- Jovrlovgang, is the act of choosing a new Jovrlov. A Jovrlov is always decided democratically by any and all Velheim that choose to show up. The only valid voters are those who reside legally in the city where the Jovrlov is chosen, and that they must be at least full blood Velheim, or half-blood Velheim, or live and work and socialize in Velheim districts for the majority of their time. At any time, a Velheim can eject a non-Velheimer that they consider too “un-Velheim” from such elections, but Velheimers are always permitted, even if they do not live in the Velheim districts. The election is very simple, anyone wishing to appoint or replace a Jovrlov simply calls for a meeting of the Velheim at least a week in advance, and then a fair one vote per person no matter age or class counts. New appointments are sworn in immediately, and sit for a month before they can be voted out again, but technically sit indefinitely.
- Huust, is the individual that refuses to accept a Jovrlov. A person who is Huust is legally outcast by Velheim Law, but not necessarily by their community. Huust are generally also considered sore losers however, because the appointment of a Jovrlov is generally considered blessed by the Old Gods, and to refuse to accept such a religious and democratically elected person is considered petty and childish. Those who are Huust, are usually denied the right to Velheim Law, and are instead judged by the strictest of Regalian State Law penal codes.
- Hjemgang, is the act of challenging someone’s Soldi. This can only be done by the criminal that is awaiting trial, and the accusing family or individual. This agreement must be consented by all parties involved, meaning the accused, the accuser, and the Jovrlovgang. If agreed upon, the trial is instead commuted to a duel of honor, where both the accused or accuser enter in a duel themselves, or appoint a representative to fight for them. This is a non-lethal confrontation, the winner of which declared innocence or guilt on the accused party. The idea is that while the Soldi of the accused is likely tainted, they can regain just enough of it through a battle before the gods to declare themselves innocent, and get away with it, which is why it is called Hjemgang or “the way to home”. In the case of a guilty verdict, the trial is immediately skipped, and the Jovrlov applies their sentence.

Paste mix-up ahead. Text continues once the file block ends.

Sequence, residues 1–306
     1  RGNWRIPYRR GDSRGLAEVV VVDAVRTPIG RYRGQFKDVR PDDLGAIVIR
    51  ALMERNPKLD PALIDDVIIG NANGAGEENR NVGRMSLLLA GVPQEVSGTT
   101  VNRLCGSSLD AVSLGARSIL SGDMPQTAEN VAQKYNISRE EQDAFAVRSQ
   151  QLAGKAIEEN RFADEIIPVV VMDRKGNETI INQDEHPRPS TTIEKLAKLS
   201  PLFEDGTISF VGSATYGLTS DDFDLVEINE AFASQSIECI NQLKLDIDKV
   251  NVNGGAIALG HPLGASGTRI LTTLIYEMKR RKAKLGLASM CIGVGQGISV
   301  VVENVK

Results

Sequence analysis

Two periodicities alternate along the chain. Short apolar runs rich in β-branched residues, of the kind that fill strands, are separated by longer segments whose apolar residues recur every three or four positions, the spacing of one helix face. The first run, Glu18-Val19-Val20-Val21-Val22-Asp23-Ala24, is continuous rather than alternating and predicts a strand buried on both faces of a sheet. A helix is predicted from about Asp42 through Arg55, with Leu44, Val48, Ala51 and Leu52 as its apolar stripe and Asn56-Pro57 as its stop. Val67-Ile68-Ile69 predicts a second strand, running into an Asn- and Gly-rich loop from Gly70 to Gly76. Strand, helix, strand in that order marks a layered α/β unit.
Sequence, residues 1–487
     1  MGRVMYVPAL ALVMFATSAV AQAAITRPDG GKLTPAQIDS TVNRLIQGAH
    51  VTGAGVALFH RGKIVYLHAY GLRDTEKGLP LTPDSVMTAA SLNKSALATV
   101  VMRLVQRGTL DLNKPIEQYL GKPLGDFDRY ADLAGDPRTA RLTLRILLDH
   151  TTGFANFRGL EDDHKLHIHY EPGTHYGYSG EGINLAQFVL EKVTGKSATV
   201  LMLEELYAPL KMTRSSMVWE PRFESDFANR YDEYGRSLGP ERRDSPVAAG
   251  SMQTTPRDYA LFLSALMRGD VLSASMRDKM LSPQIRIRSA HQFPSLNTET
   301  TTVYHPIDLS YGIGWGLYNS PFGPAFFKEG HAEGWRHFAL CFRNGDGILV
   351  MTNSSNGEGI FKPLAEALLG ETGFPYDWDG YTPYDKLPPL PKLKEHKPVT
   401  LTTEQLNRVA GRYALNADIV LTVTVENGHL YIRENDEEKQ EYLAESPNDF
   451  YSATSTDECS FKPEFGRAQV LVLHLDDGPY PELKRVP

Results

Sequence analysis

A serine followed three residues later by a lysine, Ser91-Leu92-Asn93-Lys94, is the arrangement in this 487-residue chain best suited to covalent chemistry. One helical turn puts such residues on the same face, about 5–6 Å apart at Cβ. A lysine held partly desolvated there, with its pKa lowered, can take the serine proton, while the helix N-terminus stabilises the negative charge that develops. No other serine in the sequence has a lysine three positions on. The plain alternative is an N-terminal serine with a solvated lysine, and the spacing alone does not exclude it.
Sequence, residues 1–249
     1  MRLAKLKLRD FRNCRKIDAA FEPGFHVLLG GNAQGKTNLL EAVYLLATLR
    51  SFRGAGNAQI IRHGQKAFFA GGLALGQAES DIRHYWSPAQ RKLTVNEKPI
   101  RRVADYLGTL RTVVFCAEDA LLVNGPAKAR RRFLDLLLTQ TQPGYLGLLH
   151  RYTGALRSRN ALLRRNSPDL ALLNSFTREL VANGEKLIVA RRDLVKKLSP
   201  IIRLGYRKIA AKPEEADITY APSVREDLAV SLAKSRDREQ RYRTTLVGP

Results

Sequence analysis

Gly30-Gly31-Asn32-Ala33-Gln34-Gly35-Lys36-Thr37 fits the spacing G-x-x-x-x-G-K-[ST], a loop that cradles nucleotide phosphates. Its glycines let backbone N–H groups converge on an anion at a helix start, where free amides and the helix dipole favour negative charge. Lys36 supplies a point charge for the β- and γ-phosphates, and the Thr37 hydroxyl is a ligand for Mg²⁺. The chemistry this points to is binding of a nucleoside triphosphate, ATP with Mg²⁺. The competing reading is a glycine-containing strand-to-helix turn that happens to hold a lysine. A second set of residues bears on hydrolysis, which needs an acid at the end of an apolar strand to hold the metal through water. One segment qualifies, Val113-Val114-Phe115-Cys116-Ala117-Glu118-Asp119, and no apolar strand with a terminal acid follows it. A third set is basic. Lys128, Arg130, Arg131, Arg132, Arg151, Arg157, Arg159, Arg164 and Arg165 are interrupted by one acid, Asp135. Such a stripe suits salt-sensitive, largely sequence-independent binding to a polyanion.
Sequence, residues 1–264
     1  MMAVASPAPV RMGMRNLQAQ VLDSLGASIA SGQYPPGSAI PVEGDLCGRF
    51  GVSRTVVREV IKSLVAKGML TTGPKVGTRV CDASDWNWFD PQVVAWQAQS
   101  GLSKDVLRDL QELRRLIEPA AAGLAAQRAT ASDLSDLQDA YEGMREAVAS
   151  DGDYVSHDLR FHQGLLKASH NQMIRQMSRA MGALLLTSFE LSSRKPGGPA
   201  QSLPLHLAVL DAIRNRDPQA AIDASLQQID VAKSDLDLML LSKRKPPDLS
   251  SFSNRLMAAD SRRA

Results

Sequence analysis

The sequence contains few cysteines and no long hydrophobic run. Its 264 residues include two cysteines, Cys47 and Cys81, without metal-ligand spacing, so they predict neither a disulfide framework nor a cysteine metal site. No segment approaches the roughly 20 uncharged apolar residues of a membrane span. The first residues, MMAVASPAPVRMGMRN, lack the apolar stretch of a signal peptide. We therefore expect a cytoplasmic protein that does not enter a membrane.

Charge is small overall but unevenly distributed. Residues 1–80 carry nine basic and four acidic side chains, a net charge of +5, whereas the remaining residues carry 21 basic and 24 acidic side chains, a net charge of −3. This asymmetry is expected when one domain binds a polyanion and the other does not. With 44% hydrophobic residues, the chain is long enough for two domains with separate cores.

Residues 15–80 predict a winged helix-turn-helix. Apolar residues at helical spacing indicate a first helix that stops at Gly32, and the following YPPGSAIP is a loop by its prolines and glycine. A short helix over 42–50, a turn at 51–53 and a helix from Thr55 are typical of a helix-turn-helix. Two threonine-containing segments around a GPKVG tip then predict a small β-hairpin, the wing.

- Trille-Skulle, is the term used to describe the act of recompense. Velheim Law does not strictly punish people with corporal punishment, but seeks to resistute the damages inflicted on the suffering or accusing family or person. This means that, at the basest of forms, punishment can never be the removal of a limb or death of a person. Even with absolutely no Soldi left, a person can never have their life be threatened or have long lasting physical damage. It is the job of the Jovrlov to talk to both the accuser and the accused before the trial, to figure out what they are looking for or are willing to give to end hostilities in as amicable a way as possible. It is always expected of the accuser to come with reasonable terms, but the accused may always decline and insist on their innocence, leaving their Trille-Skulle up to the Jovrlov.